Dips are one of the most effective exercises for building upper body strength. I would place them right up there with Bench Press and Pull-ups in their effectiveness in building both strength and mass.
In this guide, I’m going to teach you how to do dips including some specific coaching points and a few alternatives in case you don’t have a dip attachment available to you.
How To Do Dips
- Squat Rack
- Dip Attachment
- A Dip Station can be used as well if you have access to one.
- Shoulders (Anterior Delt)
Step By Step Instructions
- Attach your dip rack to your rack. This process will vary based on your rack and dip attachment. Follow the manufacturer’s instructions closely.
- Set your dip rack just above waist height. This will allow enough room for your feet not to hit the ground while doing reps, but not so high you feel you have to jump up into your first rep.
- Starting position is hands on bars, arms extended, knees slightly bent and feet crossed (crossing feet is optional but does help with unwanted swinging in my experience.
- Descend down by bending the elbows and slightly leaning forward.
- Lower yourself under control until the triceps become parallel with the ground and then drive yourself back up to the starting position.
- Repeat until all reps are completed.
The biggest mistake I see with dips is poor range of motion. If someone is struggling to be able to do reps, the easiest solution is to simply not lower yourself into a full rep, but this is incorrect. If a lifter cannot perform a full rep they should switch to one of the variations listed below.
The other issue I see my athletes run into is unwanted swinging front to back while doing reps. Stay under control, keep a consistent rep path, bend the knees and cross the feet. These are all solutions that I have seen help eliminate swinging while doing Dips.
Benefits of Dips
There are several benefits to incorporating dips into your workout routine:
- Increased upper body strength: Dips require a significant amount of strength in the triceps, shoulders, and chest, and performing them regularly can help you build muscle and improve overall upper body strength.
- Enhanced functional strength: Dips require you to support your own body weight, which can help improve your functional strength and stability.
- Greater range of motion: Dips allow for a greater range of motion than many other upper body exercises, which can help improve your mobility and flexibility.
- Versatility: Dips can be performed with a variety of equipment, including bars, rings, and even parallel bars, giving you plenty of options for mixing up your workouts.
Overall, dips are a valuable exercise that can help you build strength, improve muscle definition, and enhance functional strength and mobility.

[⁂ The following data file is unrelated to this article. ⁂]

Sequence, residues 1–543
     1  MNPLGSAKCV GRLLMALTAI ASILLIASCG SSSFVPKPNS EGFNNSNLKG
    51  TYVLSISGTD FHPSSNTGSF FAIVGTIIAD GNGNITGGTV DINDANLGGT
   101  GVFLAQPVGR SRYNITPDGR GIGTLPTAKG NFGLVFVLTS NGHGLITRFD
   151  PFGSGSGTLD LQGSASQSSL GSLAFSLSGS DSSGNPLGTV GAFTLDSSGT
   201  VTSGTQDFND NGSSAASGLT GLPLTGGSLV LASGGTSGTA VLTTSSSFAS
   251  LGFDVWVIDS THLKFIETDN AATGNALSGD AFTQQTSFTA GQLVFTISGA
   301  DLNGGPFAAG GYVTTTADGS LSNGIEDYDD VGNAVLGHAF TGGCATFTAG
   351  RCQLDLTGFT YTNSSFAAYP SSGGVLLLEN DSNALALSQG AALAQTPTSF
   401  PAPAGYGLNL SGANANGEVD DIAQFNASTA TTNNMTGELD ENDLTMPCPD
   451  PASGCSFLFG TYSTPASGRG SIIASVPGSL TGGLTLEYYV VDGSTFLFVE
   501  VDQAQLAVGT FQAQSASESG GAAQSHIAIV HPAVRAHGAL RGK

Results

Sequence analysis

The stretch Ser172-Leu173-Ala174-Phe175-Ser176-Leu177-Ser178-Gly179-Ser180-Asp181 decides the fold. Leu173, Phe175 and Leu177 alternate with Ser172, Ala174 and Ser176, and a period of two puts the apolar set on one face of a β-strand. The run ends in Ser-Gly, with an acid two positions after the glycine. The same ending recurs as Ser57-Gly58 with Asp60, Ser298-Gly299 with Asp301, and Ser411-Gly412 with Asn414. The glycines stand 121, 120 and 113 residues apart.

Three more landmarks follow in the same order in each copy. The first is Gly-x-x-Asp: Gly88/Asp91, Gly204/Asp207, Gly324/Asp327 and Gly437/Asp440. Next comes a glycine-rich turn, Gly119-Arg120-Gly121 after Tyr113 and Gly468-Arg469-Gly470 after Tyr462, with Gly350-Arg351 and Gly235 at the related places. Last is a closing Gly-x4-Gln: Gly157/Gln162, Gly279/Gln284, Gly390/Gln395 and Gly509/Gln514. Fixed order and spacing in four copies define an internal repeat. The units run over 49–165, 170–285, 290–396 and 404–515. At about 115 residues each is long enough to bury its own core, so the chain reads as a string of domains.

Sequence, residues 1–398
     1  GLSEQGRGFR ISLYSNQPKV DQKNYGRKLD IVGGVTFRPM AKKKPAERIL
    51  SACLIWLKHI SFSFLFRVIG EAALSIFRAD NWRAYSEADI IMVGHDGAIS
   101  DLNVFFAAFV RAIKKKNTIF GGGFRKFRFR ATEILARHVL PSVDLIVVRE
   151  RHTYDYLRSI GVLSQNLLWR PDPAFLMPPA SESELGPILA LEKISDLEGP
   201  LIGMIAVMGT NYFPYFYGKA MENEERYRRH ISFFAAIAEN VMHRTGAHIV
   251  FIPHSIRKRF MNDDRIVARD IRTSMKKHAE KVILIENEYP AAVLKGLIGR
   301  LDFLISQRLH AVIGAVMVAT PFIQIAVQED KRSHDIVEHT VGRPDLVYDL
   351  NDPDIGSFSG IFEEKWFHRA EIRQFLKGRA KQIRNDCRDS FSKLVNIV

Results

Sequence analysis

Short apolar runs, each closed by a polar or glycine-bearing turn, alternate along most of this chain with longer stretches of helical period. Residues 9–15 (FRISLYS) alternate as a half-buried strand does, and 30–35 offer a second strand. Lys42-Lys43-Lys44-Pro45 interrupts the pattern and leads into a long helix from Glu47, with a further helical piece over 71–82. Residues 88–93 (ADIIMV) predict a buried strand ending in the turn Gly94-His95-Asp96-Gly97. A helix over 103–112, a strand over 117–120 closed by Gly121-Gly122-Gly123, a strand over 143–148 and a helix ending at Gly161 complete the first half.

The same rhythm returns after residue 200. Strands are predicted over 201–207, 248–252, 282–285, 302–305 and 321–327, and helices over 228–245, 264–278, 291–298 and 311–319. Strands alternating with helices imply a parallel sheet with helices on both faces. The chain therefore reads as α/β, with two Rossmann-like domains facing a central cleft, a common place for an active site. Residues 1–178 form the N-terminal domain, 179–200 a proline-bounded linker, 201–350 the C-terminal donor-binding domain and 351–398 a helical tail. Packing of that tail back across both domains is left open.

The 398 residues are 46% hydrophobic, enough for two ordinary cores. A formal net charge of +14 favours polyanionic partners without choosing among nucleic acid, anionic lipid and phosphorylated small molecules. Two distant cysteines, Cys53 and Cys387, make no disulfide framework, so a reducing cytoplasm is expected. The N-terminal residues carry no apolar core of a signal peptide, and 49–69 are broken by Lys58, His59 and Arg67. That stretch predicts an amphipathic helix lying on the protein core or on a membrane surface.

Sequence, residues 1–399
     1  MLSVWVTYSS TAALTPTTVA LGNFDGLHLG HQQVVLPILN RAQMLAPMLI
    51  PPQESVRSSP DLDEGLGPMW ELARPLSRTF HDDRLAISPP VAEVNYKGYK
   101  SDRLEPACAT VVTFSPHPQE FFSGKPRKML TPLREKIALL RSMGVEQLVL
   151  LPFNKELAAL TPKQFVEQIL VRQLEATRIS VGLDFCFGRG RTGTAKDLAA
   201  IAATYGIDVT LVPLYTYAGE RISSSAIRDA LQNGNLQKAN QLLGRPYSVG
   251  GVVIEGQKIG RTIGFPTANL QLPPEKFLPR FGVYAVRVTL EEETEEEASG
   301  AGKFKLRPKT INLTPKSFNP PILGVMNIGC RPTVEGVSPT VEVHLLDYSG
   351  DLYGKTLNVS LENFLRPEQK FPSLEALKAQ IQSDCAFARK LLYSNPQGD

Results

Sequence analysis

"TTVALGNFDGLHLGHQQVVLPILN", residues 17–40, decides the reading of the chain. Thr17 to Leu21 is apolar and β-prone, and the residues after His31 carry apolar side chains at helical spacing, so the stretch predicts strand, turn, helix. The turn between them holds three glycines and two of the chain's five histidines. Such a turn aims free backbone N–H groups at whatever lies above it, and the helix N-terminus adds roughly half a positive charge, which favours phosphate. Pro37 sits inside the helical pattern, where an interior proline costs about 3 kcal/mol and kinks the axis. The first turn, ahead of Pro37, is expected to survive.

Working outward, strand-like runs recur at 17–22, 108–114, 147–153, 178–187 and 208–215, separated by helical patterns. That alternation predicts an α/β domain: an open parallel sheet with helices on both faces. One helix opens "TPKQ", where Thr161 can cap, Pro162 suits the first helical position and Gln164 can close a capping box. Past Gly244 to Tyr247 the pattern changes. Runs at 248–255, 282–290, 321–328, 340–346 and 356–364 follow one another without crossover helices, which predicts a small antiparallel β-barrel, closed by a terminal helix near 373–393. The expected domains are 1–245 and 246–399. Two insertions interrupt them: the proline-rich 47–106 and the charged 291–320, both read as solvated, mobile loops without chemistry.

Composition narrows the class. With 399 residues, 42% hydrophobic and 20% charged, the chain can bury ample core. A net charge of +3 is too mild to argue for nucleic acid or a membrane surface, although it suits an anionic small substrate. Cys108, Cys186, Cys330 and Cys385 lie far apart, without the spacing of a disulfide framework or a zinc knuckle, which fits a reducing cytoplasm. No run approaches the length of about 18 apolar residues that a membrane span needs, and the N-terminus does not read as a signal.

How Many Reps?
Rep ranges for Dips can vary pretty widely depending on strength levels. I encourage any of my athletes who can do as few as 2 or 3 dips on their own to continue doing them in small sets as they begin to build their strength.
On the other end of the spectrum, once an athlete can do sets of about 15 to 20 without much issue I will encourage them to start adding extra resistance to their Dips.
Dips, similar to Pull-Ups, are not easy for a beginner. On the flip side, advanced lifters may get to a point where even sets of 25 dips start to not be challenging enough. Here are a few variations for both sides of this spectrum.
(Want even more options? Here is a list of our 10 favorite Alternatives for Dips.)
Band Assisted Dips
If you’re struggling with Dips, grab a resistance band to help you out. Loop the band around the dip rack and then pull the band down under one knee. When you get into the starting position place your other knee on top of the band as well.
The band will now give you added assistance as you lower yourself down into the rep. Thicker bands will get more assistance while thinner bands will give less. This gives you the ability to create a natural progression until you no longer need the assistance of bands at all.
Another alternative for Dips if you’re struggling (or if you don’t have Dip Attachment) is Bench Dips.
Use a bench (or a sturdy box), place the heels of your hands on the edge of one side of the bench and extend your legs straight out in front of you.
Start with your arms extending and then lower yourself down until your triceps become parallel to the floor. When you reach the bottom of the rep, drive yourself back to the starting position. Make sure to keep your back close to the bench throughout.
If regular Dips are no longer challenging then it’s time to progress to Weighted Dips. There are many different ways you can add extra resistance to your Dips. Choose whichever implement you have access to and are comfortable using.
Some examples are a weighted vest, squat/bench chains, holding a dumbbell between your feet or using a weight belt with a chain designed to hold weight plates.
If you have a set of rings, Ring Dips are another great dip variation that will up the difficulty of the movement. Set your rings up and perform Dips the exact same way you would with a Dip Attachment.
The added challenge of having to balance and stabilize while pressing is huge.
More Links and Info
For more great exercises focusing on the biceps and triceps, check out the Arm Farm section of the Exercise Library.